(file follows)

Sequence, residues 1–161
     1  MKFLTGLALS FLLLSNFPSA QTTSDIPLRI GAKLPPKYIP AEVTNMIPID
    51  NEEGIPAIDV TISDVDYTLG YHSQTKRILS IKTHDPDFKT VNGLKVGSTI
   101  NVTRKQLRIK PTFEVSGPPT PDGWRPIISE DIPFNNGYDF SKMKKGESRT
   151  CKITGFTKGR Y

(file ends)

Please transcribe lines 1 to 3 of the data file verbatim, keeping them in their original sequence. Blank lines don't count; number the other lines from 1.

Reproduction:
Sequence, residues 1–161
     1  MKFLTGLALS FLLLSNFPSA QTTSDIPLRI GAKLPPKYIP AEVTNMIPID
    51  NEEGIPAIDV TISDVDYTLG YHSQTKRILS IKTHDPDFKT VNGLKVGSTI